Despite Jalopnik’s warning that the V10 TDI diesel Touaregs are the worst maintenance nightmare EVER, I just bought one.

Why? Because it was cheap. And because a good friend of mine is the former owner and has added a few neat-o features.


First, there’s this neat little flashlight that goes into the 12V socket:

It apparently was something Phaetons came with, a previous owner decided to buy one and put it in this Touareg.


Other features? It has nice aluminum shifter paddles that have been retrofitted, I’m told they’re from a Bentley, which still qualifies as parts bin VW/Audi these days...

A Webasto heater with remote control

And, a heated steering wheel.

My buddy who owned it also found how to fix the KESSY module rather than replace it. So, all the door handle touch sensors actually respond because the capacitors aren’t all blown like apparently these early modules are known for doing.


Why was it cheap? Because during a cross country road trip where I was fixing other TDIs, I made a stop at their house to diagnose the vibration when accelerating issue and it had a code stored for MAF implausible signal, bank 2. And, well, this is the reason:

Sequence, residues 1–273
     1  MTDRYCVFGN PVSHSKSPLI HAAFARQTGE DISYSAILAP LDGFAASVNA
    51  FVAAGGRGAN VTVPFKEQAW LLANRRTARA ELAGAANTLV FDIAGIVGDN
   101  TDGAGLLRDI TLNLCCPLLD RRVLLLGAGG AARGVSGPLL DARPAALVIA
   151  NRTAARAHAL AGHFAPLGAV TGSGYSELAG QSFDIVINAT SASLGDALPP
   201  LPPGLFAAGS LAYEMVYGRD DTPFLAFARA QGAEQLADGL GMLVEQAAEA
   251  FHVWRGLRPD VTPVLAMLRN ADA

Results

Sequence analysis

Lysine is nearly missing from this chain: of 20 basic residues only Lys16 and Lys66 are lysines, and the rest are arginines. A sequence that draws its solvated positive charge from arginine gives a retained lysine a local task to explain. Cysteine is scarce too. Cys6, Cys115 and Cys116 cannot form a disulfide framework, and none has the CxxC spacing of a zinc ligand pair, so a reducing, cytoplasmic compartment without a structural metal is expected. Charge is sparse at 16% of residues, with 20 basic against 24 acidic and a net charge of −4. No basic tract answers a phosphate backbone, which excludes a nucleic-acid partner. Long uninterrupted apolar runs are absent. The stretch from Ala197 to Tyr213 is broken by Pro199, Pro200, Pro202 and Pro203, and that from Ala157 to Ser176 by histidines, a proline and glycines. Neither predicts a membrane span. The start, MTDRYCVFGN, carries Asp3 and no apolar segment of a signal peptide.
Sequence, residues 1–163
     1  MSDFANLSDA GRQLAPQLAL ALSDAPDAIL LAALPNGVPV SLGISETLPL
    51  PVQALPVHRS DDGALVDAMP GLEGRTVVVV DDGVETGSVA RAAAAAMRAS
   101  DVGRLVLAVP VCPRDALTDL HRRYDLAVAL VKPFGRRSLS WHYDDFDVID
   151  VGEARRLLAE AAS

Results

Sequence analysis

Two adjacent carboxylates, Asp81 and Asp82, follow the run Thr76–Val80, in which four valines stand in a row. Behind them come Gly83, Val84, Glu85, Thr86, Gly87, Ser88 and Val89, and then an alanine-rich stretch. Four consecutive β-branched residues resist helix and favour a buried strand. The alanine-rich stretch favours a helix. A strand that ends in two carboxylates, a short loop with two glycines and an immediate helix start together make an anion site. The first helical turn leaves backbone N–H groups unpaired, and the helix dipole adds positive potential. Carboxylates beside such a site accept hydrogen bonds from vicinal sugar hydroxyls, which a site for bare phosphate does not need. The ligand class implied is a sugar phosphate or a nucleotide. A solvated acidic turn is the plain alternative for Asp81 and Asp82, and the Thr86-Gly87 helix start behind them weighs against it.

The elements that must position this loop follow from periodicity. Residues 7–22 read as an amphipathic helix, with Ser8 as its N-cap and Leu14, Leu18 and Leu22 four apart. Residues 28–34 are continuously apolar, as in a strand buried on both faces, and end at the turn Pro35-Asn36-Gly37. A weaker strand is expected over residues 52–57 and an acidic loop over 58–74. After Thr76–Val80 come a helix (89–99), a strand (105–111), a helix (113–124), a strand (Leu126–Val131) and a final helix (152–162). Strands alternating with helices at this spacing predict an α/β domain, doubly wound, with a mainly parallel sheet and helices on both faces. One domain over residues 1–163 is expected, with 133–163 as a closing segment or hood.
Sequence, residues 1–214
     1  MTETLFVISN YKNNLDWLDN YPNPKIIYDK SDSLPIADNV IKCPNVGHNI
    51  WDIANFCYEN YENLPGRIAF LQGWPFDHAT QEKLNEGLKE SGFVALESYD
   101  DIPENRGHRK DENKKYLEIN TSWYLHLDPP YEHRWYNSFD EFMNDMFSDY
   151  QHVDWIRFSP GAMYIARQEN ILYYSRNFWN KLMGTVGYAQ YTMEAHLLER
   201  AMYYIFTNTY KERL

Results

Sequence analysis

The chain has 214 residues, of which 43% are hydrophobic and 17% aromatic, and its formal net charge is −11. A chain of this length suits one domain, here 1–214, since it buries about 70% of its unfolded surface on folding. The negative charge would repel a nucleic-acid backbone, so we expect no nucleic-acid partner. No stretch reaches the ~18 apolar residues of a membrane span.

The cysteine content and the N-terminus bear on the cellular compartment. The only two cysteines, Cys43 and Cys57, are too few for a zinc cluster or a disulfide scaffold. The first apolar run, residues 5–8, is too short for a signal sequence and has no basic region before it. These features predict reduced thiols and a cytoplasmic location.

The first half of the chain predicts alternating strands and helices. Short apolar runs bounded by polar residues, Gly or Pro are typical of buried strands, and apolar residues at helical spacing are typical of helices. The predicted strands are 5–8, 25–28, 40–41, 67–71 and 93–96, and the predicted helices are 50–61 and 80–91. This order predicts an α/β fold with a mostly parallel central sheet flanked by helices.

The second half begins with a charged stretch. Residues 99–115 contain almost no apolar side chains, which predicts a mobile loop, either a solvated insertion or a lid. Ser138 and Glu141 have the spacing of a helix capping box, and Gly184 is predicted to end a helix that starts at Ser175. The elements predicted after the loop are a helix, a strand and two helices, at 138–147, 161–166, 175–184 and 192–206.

A badly worn camshaft. A couple exhaust lobes on bank 2 are barely opening their valves, this burps exhaust pressure back into the intake, making odd noises, vibrations and causing the MAF implausible signal code.

Of course, as it was being loaded on the trailer, it had to come up with another failure mode: limp mode. This time the code is for “defective turbocharger control module.”


I already diagnosed that, though... And it’s not technically the control module that’s bad, it’s just upset that the control module is not able to move through its full range of motion. The worn cam meant that bank in particular is making more soot than normal and it caused the variable geometry mechanism inside that turbo to stick. Ran the output test on both turbos at the same time (there’s a special diagnostic address that allows you to access both engine computers at once and run tests) and bank 2 barely moved. Disconnect the linkage from the control module, run the test again, the module moves through its full movement no problem, but the mechanism definitely required high effort to move... I may be able to salvage the original turbos yet!

Of course for the amount of labor it takes to remove the engine to replace the turbos, since it will be out anyway, it wouldn’t be a bad idea to replace them while it’s out to do the cams. And if it were a customer’s car, it would be the only way I’d agree to do the job and also promise that it will be properly fixed.


But for myself? Well... it’s just time, right?

This is either going to end with me having a blast driving this truck, or bankruptcy! Who knows!


I may be stupid, but not stupid enough to rely on one of these as my sole vehicle, so I have that going for me.

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